AUTONOMOUS DRONES TO INSPECT LARGE COLLECTORS - AUTONOMOUS DRONES TO INSPECT LARGE COLLECTORS
AUTONOMOUS DRONES TO INSPECT LARGE COLLECTORS
Although the use of drones in underground spaces might at first seem very difficult, thorough research
has shown that they can have major competitive advantages over more traditional solutions. However,
it is true that there are major challenges due to the nature of the operating environment. But Canal de
Isabel II is committed to investing in research and development to find a solution suitable for its
inspection needs and, at the same time, easy to implement. We are looking for this development using
the pre-commercial public procurement (PPP) procedure.
Canal de Isabel II presently manages 15,600 km of collectors. Due to the characteristics of this
network, 84% is inspected with small remotely operated vehicles. However, in order to inspect the
remaining 16%, which includes large, human-accessible collectors, field brigades are needed –a
minimum of three people– to walk the pipes, there is no other option. During the inspection,
personnel may be exposed to potentially toxic environments, and some sections are simply
inaccessible. On the other hand, the data collected by the brigades is subject to human error as data
collection criteria may vary between inspectors.
HOW WE ENVISION THE FUTURE
The environment in sewage collectors is aggressive for electronic equipment and it often has to go
deep down where the satellite positioning signal is out of range. Also, the geometry of large pipes may
not be fully mapped and there may be junctions, height variations and unexplored sections. In this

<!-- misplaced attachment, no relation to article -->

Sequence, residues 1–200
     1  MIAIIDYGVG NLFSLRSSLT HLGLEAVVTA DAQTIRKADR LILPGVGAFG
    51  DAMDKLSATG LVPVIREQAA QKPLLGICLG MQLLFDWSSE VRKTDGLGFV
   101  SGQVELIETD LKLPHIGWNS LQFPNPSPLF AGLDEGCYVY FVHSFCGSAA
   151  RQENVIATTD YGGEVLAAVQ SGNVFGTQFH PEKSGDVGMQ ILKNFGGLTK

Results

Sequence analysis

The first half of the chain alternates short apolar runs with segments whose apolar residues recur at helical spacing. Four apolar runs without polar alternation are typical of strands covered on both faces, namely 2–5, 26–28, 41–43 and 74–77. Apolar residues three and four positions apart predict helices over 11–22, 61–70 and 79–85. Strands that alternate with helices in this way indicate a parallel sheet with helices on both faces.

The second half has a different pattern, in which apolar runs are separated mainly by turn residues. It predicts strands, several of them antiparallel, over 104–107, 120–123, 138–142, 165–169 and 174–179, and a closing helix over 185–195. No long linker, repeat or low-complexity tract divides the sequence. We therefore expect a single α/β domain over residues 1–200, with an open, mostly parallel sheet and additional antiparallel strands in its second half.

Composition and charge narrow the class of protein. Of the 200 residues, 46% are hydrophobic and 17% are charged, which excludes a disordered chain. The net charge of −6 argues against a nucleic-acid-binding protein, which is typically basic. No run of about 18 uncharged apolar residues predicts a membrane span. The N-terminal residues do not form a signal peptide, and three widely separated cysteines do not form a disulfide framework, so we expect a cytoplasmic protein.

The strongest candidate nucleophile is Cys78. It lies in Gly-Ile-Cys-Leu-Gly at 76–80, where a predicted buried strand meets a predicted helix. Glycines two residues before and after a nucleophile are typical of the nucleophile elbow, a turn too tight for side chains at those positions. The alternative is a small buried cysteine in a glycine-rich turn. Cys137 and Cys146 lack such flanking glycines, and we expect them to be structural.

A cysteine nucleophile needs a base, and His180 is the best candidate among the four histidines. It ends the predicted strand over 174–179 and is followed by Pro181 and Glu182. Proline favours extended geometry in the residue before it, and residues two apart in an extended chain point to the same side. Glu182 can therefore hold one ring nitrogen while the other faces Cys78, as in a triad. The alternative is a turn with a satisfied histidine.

context, a drone must be able to overcome all these limitations by itself unaided and guide itself,
without any kind of remote guidance during the flight.
The data collected along the route will be analysed to identify all cracks, intakes and obstructions. This
homogeneous analysis will make it possible to classify the necessary maintenance work, but above all,
it will make it possible to prioritise it within the context of the overall sanitation system. The data will
also be used to update the network characterisation. The device must be equipped with a redundant
security system to allow easy recovery in the event of a breakdown.
The objective is that by the end of 2020 the inspection of the entire collector network be carried out by
remotely operated robots, in the case of non-human-accessible sections, and by unmanned aerial
vehicles or drones, in the case of accessible sections. And although our drone fleet will inspect mainly
large collectors, it will sometimes also inspect other infrastructure.
The intellectual property shall remain the property of Canal de Isabel II, although any company shall
be able to benefit from using a similar drone. After a thorough market survey and consultation with
developers, we found that there is no existing solution with all the functionality we require. All the
terms and conditions and functional requirements for development of this drone are available at the
Madrid Regional Government Public Procurement Portal.
Signed by: Antonio Lastra, network innovation coordinator.